Birdhouses and Boxes

While some birds build nests on tree branches, shrubs, porches, and gutters, others seek an enclosure of sorts. These “cavity nesters” look for or, in the case of woodpeckers, create holes in wood to build nests and lay eggs. Unfortunately, there aren’t enough holes to go around. That’s where birdhouses (also known as nest boxes) come in. They provide valuable homes for many species of birds and a wonderful opportunity for birdwatchers to enjoy the age-old process of breeding.

Here’s what you need to know about birdhouses.

Birds That Use Birdhouses

Among the birds that like a roof over their heads are bluebirds, chickadees, woodpeckers, eastern screech and barred owls, wrens, and nuthatches. Different birds prefer different sizes of the hole (or opening) as well as how high that hole is from the birdhouse floor.

If you live in the city or a populated suburb, you’ll most likely want a hole no bigger than 1 1/4”, which is big enough for chickadees and wrens but too small for house sparrows. House sparrows are an invasive, non-native species that can be detrimental to bluebirds, chickadees, and the like. Download our handy chart for more details.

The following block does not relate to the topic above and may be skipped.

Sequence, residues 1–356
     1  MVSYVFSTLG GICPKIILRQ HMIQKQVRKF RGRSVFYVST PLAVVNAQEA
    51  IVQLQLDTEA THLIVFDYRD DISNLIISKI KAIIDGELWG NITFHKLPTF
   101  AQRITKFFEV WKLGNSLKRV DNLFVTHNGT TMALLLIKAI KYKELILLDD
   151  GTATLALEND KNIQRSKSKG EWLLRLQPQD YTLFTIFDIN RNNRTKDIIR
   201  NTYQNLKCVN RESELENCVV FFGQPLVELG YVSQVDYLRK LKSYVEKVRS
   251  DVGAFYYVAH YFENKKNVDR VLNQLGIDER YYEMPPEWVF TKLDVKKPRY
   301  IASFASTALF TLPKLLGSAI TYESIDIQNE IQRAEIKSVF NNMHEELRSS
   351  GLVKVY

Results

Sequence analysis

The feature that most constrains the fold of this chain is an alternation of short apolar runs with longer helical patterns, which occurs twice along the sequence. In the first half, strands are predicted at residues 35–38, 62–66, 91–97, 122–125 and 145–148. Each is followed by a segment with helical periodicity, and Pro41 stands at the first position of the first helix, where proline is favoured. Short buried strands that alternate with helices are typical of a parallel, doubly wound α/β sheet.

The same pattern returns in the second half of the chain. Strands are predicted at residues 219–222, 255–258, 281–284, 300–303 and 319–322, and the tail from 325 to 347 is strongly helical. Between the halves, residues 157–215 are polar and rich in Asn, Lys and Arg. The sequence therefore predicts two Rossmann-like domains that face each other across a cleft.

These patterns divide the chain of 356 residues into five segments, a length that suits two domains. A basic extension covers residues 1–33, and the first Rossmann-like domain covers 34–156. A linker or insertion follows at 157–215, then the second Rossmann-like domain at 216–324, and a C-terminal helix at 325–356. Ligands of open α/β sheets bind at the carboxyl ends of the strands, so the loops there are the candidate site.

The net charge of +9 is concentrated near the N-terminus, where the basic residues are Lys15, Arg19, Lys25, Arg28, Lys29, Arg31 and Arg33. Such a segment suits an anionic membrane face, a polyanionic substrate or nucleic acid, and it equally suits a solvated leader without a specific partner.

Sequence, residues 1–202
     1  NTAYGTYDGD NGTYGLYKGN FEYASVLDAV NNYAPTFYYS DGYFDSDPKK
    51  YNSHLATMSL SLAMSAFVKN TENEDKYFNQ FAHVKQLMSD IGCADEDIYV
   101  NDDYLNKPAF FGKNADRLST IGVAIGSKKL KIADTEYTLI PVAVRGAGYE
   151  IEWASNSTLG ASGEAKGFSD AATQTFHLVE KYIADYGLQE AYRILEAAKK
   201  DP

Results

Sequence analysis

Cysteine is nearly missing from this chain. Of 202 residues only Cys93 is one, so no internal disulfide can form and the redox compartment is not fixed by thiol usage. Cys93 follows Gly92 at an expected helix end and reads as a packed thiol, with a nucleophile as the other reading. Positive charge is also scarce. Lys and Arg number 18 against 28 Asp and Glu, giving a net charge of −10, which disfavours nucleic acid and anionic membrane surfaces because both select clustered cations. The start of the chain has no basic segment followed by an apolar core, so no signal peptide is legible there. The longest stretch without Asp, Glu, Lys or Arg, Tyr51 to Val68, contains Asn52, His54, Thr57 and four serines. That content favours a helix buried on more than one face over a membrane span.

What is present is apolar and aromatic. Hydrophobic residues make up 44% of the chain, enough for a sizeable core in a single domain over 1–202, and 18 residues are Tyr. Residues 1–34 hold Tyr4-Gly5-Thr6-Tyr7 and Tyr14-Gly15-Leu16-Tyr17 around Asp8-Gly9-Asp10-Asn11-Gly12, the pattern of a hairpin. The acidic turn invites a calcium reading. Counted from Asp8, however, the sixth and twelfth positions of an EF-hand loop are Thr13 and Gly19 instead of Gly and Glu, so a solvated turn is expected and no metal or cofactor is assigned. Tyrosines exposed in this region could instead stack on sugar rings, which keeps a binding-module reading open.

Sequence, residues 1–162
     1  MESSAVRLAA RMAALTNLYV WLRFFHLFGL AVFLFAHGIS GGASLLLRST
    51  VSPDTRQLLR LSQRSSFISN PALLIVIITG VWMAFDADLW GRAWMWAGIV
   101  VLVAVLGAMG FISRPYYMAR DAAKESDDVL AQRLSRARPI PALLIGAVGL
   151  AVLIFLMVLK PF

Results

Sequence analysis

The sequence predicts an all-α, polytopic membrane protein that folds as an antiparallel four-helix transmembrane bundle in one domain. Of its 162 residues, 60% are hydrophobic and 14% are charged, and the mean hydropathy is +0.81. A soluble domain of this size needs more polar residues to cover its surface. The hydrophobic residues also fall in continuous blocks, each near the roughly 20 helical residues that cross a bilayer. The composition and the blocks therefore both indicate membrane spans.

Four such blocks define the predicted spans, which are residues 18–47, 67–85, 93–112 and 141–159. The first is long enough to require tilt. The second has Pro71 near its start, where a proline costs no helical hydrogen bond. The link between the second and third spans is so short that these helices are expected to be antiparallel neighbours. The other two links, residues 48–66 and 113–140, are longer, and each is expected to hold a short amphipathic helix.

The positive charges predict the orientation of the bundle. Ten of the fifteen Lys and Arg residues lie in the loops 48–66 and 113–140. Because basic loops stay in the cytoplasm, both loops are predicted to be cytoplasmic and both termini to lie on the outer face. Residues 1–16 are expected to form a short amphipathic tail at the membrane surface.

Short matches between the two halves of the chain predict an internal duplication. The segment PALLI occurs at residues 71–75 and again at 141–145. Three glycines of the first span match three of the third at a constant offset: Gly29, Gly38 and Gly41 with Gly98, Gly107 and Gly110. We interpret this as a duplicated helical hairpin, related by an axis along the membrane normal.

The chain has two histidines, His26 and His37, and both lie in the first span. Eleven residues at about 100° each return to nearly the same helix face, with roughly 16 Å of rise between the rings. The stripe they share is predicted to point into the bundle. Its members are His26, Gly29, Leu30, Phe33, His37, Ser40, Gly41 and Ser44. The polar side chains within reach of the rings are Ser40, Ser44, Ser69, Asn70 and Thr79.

Birdhouse Appearance and Style

Do any searcbluebird househ online and you can find birdhouses in all shapes, sizes, and colors, and made of all sorts of materials. They’ve become a bit of a novelty item. But, to have the most success in attracting birds to a birdhouse, we like to keep things simple.

Birdhouses should be made of wood. Not only is wood durable, but it’s porous enough to allow moisture and heat to escape during the summer, which keeps the young birds from getting too hot inside. Metal and plastic can get too hot, which can cause harm to the birds.

Do resist the urge to get creative. Birds avoid bright, unnatural colors (too obvious to predators). Instead, use natural, unpainted wood and stain the outside with a natural wood preservative such as linseed oil.

Lastly, stay away from any birdhouse with a perch. Birds don’t need them and they only make it easier for predators or unwanted birds to get in.

Thanks to Massachusetts Audubon for the above information. For a birdhouse and nesting chart, click here.

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